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Mozilla Is Mapping Cell Towers and WiFi Access Points 113

Posted by timothy
from the where-you-are dept.
First time accepted submitter neiras writes "Mozilla is building a map of publicly-observable cell tower and WiFi access points to compete with proprietary geolocation services like Google's. Coverage is a bit thin so far but is improving rapidly. Anyone with an Android phone can help by downloading the MozStumbler app and letting it run while walking or driving around. The application is also available on the F-Droid market." "Thin" is relative; it's quite a few data points since we first mentioned the pilot program a few months ago.
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Mozilla Is Mapping Cell Towers and WiFi Access Points

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  • Re:Privacy (Score:4, Informative)

    by FunPika (1551249) on Friday January 17, 2014 @08:02PM (#45993459) Journal
    If I recall correctly, the main thing that got Google in trouble was that they were actually intercepting information sent through unsecured access points in addition to mapping out access points in general.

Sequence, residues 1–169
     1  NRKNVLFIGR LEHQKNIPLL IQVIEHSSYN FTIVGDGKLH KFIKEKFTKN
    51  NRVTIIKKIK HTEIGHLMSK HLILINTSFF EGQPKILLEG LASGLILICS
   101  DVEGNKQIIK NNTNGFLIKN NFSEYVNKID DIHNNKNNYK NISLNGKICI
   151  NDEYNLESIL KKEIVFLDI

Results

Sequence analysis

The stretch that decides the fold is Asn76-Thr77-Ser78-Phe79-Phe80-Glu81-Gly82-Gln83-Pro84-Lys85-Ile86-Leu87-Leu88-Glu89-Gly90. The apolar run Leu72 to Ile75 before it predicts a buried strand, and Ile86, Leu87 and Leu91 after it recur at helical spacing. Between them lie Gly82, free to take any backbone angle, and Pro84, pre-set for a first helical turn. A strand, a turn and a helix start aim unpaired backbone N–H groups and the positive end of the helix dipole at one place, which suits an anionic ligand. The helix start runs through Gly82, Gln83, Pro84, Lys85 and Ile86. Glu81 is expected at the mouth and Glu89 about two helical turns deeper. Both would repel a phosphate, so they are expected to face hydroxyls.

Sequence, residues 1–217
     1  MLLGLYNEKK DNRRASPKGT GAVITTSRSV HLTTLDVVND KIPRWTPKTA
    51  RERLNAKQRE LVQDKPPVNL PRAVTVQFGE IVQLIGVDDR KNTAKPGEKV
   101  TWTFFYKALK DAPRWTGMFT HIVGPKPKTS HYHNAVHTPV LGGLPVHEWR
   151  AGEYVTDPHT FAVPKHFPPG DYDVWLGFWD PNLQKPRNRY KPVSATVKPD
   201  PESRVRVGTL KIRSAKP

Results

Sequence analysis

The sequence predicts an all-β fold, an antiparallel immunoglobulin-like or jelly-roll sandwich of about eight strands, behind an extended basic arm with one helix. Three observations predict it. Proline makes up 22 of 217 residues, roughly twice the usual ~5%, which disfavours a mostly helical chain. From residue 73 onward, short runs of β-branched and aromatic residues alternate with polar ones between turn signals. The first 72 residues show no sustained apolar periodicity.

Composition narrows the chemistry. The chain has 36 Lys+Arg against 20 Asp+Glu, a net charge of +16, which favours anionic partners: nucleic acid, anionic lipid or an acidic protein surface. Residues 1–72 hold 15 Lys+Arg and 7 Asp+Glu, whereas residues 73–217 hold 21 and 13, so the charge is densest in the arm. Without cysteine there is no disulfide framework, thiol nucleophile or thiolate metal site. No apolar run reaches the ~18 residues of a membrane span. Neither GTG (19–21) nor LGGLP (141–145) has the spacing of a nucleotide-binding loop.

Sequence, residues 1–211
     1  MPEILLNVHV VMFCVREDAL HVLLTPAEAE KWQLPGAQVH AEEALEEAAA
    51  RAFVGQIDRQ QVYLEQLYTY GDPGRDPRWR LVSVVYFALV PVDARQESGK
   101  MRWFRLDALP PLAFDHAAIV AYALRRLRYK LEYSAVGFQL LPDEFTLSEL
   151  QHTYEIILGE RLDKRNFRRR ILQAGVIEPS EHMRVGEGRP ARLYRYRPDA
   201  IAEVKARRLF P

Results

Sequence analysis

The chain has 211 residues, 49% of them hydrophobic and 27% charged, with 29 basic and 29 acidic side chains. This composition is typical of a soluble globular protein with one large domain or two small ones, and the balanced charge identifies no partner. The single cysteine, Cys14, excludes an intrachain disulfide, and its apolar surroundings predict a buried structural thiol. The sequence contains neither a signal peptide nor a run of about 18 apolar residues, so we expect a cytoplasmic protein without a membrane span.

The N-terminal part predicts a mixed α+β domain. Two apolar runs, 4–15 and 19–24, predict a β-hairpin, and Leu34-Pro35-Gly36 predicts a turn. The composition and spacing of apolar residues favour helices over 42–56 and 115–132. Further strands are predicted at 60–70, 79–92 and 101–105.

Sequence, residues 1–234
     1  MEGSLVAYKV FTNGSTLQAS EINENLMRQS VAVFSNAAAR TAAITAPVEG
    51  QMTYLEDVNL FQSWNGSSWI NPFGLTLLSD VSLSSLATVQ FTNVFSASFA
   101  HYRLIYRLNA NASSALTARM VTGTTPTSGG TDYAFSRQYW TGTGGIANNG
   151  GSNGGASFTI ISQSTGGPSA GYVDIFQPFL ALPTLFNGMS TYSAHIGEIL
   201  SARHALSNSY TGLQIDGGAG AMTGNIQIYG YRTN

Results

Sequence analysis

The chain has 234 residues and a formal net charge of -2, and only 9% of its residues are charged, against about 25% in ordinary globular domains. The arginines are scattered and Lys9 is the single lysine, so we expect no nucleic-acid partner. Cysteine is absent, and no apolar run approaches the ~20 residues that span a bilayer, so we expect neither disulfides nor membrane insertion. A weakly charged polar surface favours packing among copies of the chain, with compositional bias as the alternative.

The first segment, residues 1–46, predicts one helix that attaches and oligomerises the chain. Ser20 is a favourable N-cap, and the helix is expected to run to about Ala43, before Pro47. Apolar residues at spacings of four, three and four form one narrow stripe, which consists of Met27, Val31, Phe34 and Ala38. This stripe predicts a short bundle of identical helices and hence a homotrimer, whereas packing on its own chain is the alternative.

• by BBF_BBF (812493) on Friday January 17, 2014 @08:36PM (#45993855)
    icebike, If you had bothered read the Mozilla Location Service Project Page, the goal of the project is to create an Open Wifi AP/Cell Tower to Geo Location Mapping Database, It's not meant to map Cell Coverage. []

    This will allow the look up of rough position information without turning on the GPS using an OPEN DATABASE. The same thing that a few PROPRIETARY databases do currently.

    Given this goal, road coverage is good enough.
  • by icebike (68054) on Friday January 17, 2014 @09:00PM (#45994093)

    Follow the first link in the story. The biggest text on the page says COVERAGE MAP and when you follow the other links
    it is clear that their intent was a coverage map, not a data-point map where Joe Sixpack happened to see a Cell Tower.